The fundamental benefits sought by hair care consumers relate to cleansing and care, and with the exception of cleansing, most of these benefits are delivered by conditioning ingredients deposited onto hair to change surface properties such as friction and surface energy. However, simply adding more ingredients to a formula will result in higher costs and may not even improve product performance, especially for a rinse-off product. To develop a hair care product with a high performance-cost profile, knowledge of the deposition efficiency of ingredients is key. In addition, correlating this deposition profile with consumer feedback will provide important guidance for formulators as they develop and optimize hair care products. In relation, traditional techniques to measure deposition are reviewed here, and a novel approach is introduced.
During washing, deposition and rinse-off are opposing behaviors. The driving force behind an ingredient’s deposition is related to its affinity to the hair surface. This is affected by chemical and physical properties such as hydrophobicity, charge type and density, molecular weight, particle size, conjugation/inert action with other ingredients, etc. Logically, if the affinity of an ingredient to the hair’s surface is stronger than the forces rinsing it away, the ingredient will remain on the hair surface. Many studies have been conducted to increase this deposition onto hair. To study deposition efficiency, a reliable, easy-to-use quantitative method is critical and thus far, two approaches generally are used: direct measurement and indirect measurement with extraction.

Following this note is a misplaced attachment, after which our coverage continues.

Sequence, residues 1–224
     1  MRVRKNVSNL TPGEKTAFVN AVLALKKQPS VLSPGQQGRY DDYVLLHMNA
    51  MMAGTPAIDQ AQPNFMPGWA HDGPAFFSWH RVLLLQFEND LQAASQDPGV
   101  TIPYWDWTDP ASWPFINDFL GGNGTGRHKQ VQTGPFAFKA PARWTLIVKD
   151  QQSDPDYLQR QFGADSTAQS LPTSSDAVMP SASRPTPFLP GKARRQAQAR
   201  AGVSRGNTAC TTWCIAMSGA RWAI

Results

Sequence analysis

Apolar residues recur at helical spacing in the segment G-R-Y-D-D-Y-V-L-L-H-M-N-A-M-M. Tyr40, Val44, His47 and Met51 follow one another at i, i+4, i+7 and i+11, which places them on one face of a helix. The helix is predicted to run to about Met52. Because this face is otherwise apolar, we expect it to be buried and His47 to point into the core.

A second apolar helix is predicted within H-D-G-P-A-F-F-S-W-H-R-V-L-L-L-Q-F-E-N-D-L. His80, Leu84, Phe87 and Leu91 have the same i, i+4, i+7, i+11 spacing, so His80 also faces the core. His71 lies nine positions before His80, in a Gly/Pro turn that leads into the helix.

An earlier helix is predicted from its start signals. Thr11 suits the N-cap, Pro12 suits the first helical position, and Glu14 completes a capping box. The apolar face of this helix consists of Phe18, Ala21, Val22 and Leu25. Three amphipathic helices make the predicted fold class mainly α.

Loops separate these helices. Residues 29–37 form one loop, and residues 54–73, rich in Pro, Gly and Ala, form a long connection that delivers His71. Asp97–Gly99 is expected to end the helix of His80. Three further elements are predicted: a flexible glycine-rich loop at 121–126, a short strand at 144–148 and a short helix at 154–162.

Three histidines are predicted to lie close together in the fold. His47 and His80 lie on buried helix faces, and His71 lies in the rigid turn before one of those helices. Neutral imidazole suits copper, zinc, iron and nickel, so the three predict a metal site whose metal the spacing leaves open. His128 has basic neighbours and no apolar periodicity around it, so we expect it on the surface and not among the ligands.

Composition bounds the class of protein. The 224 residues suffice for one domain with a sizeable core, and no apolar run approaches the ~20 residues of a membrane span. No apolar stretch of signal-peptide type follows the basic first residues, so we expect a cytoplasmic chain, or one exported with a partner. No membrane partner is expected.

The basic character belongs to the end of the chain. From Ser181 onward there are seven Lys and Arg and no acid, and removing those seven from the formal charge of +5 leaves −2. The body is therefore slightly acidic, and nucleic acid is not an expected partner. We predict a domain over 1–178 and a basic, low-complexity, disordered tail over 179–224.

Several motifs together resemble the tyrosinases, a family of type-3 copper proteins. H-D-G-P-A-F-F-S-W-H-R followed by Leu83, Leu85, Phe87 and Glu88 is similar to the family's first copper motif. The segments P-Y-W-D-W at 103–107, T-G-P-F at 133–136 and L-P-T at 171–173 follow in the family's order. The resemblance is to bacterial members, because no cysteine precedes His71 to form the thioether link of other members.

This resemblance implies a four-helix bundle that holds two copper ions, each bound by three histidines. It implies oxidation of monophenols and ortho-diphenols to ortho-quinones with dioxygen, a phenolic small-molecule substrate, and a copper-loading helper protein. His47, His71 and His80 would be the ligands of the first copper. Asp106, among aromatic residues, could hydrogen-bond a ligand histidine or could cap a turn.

Direct measurement: Direct measurement analyzes treated hairs for the presence of ingredients. For example, x-ray fluorescence (XRF) can measure silicone deposits on hair by image analysis; however, XRF is limited to only silicone ingredients, and it cannot differentiate between pre-existing silicones on hair and those applied by test products. Thus, image analysis methods are usually not quantitative or suitable for routine deposition studies.
Indirect measurement with extraction: The indirect approach, which is more commonly used, analyzes extracts taken from a treated hair sample. The test product containing the target ingredient is applied to hair via a predetermined protocol, the treated hair is extracted using organic solvent, then the extract is collected and measured to determine the ingredient(s) and amount(s) present. Depending on the polarity of the target ingredient, different solvents can be used to prepare the test samples. For example, to analyze silicone, toluene and methyl isobutyl ketone (MIBK) often are used; for cationic surfactants, trichloromethane or methanol. Thus, to analyze silicone and quats, the preparation of samples must be done separately, which is time-consuming.